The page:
For several hours after consuming the vodka drink, whole body lipid oxidation (a measure of how much fat your body is burning) dropped by a whopping 73%!
Alcohol Turning The Fat Burning Switches On Or Off?
Remember losing weight is all about getting your body to oxidize or burn fat for fuel. Everything you eat or drink will either feed muscle and increase metabolism or feed fat and lower metabolism.
Your muscles will only receive energy from food or drink that has nutritional value. Alcohol is empty calories void of any nutritional value for your muscles. What alcohol you don’t use for energy will eventually get stored in the fat parking lot.
Alcohol Artificially Increases Your Appetite
It’s important to understand that alcohol also acts as potent appetizer. You’re much more likely to consume excess calories from food when you drink alcohol. When you have a drink you’re likely to have a snack or eat more at your meal. The extra calories are what really make the difference at the end of the day. What calories you don’t burn gets stored as fat. It’s pretty much that simple. A “beer belly” is just that, too many empty calories from alcohol being stored as fat.
The Bottom Line
At the end of the day I can’t say that an occasional alcohol drink is necessarily bad for you. Can you still enjoy alcohol in moderation and still lose weight? Absolutely, but it will always depend on what you’re doing from an overall nutrition and exercise standpoint to burn calories and create the right hormonal balances for fat loss (when alcohol is NOT in your system).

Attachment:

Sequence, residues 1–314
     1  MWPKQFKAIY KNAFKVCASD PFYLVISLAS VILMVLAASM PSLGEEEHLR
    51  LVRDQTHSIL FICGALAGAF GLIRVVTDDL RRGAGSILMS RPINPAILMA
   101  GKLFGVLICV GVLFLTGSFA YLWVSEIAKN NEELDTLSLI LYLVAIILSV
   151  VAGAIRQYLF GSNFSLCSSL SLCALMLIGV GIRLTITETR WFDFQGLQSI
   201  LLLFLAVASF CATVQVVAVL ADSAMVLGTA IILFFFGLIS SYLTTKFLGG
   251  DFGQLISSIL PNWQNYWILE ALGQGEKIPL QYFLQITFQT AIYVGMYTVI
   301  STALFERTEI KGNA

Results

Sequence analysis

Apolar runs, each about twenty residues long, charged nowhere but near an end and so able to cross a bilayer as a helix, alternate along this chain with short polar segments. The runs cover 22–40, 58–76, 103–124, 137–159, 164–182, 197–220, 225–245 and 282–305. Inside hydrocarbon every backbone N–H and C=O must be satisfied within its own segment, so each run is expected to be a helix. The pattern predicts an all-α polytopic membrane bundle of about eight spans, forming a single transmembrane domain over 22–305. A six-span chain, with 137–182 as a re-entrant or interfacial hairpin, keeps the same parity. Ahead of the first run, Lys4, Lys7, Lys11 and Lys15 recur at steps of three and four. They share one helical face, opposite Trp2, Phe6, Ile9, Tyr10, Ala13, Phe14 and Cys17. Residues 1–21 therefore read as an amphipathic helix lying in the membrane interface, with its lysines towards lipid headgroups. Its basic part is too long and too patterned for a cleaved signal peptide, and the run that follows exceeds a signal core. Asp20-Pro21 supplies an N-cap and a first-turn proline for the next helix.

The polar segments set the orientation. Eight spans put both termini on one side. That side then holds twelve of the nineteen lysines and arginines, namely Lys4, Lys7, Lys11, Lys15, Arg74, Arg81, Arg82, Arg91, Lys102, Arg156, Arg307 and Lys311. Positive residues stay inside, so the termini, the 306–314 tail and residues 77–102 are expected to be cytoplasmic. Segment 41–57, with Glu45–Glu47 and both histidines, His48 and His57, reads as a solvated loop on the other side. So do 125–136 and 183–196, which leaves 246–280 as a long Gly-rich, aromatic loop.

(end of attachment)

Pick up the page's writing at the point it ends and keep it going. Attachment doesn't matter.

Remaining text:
My philosophy is that if you’re doing enough from a nutrition and exercise standpoint to build lean muscle and increase metabolism you can burn off the calories from alcohol without it being stored as fat.
Tip the calorie scale too far from empty calories and you’ll gain weight. Likewise, if too much alcohol is interrupting the fat burning process you’ll find it hard to lose weight. It’s really that simple.
Having a couple glasses of wine every night after dinner is a recipe for being in a fat storing state through the night when you’re sleeping. If you do this don’t be surprised to see the scale not budge regardless of how well you’re eating otherwise or how much you’re exercising. It all boils down to moderation.
My advice is to accept the fact (and it is a fact) that you won’t be burning fat when you drink alcohol. Know that how ever many calories you take in from the drinks you consume they simply get added to your daily energy intake.
How much alcohol you can consume will depend on how many calories you can burn off for energy without it being stored as fat. Can you have an occasional glass of red wine with dinner and still reach your weight loss goals? I would say yes if you’re eating supportively and doing regular resistance and cardiovascular exercise.
It’s always going to come down to your goals and what’s important. If you drinking alcohol and not seeing the results you want then I would pull it out until you start losing weight. If you’re happy with where you’re at (from a fat loss standpoint) then go ahead and enjoy alcohol in moderation.
I personally enjoy a drink now and then and I’ll be the last person to say you should never drink alcohol. To me, the benefits of training hard and eating clean come with being able to enjoy alcohol in moderation.
Courtesy to: Shane Doll, "Shaping Concepts"